Jim Lamb has posted a couple of specs recently.
The first is a Windows tray app that notifies you when builds complete, like CCTray does for CruiseControl.Net. Due to the time constraints of the Orcas release, we were not able to implement this for the product, but we are considering releasing it as a power tool for Orcas, in addition to including it in Rosario.
Rather than lots of dense text, the spec is really just a series of drawings of the UI, so please take a look.
Well, we’ve worked up an initial design for a notification applet that would run in your tray (er, I mean “notification area”) and keep you up-to-date on the status of the build definitions you’re interested in. Here’s an annotated storyboard that walks you through the design. Please post comments here and let me know what you think. We haven’t even started implementing this yet, so now is the time to give us feedback.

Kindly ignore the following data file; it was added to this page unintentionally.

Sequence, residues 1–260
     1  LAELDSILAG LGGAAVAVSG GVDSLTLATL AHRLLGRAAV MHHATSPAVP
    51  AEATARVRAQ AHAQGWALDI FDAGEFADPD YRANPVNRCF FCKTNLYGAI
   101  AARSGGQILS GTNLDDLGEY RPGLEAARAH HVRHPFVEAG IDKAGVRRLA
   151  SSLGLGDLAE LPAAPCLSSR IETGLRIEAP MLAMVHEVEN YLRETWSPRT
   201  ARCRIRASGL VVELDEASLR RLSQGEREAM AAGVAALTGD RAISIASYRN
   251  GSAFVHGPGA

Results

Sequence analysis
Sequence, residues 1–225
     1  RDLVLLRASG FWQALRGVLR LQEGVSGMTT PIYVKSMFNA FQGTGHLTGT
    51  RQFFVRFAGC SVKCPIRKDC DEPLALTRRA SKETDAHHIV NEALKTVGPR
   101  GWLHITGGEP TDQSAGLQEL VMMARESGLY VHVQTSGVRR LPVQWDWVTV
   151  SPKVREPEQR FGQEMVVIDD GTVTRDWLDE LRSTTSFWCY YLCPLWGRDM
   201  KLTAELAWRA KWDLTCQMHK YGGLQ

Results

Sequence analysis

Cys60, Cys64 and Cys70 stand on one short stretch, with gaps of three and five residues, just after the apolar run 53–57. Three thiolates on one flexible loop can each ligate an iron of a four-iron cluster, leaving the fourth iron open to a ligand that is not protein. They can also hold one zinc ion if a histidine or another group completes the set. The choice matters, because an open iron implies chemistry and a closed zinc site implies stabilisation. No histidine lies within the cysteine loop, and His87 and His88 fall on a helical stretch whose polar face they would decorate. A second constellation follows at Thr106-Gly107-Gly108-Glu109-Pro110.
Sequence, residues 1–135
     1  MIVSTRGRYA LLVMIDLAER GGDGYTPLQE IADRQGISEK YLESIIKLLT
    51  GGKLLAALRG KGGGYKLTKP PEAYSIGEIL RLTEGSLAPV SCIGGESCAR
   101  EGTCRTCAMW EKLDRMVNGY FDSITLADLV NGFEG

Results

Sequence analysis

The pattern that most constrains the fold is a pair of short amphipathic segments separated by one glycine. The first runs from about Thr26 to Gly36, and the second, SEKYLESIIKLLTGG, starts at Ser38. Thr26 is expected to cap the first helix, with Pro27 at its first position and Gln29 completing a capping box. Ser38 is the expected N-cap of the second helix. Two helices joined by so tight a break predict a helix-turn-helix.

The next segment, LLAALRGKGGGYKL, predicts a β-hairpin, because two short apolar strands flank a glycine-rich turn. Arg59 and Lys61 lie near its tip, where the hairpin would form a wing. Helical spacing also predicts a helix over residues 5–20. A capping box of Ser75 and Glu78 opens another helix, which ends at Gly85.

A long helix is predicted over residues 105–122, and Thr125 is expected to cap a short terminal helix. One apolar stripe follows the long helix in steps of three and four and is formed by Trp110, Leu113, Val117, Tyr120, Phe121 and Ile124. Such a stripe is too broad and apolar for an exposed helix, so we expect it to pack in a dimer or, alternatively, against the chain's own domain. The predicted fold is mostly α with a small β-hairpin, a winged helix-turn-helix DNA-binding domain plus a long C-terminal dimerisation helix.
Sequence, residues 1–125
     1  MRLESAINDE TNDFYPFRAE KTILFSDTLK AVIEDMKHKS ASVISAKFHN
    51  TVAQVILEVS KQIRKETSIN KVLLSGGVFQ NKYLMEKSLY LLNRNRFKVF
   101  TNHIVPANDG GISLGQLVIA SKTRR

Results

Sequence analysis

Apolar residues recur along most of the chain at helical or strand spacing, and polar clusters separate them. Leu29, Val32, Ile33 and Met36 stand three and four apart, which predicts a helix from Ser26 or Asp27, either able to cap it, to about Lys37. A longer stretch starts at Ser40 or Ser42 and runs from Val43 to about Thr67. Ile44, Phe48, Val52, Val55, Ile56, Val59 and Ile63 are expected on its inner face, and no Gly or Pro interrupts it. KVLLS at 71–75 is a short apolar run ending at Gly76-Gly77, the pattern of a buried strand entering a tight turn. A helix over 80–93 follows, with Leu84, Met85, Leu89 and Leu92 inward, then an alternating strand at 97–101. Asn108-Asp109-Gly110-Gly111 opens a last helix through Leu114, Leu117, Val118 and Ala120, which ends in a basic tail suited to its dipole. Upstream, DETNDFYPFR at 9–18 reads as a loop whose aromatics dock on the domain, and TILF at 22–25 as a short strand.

Jim’s also been working on the plans for hosted TFS. If you are interested in learning about the pilot program, you’ll want to check it out.
After coming across a question regarding hosted TFS on Linked In, I thought I would post some information on the subject. Here’s an excerpt from the attached TFS Hosting Brief.
“Team Foundation Server (TFS) is a server product built on top of standard Microsoft technologies, including ASP.NET web services, SharePoint, and SQL Server 2005. TFS is traditionally self-hosted inside of an organization. A single Team Foundation Server can support up to 2000 users with the appropriate hardware configuration.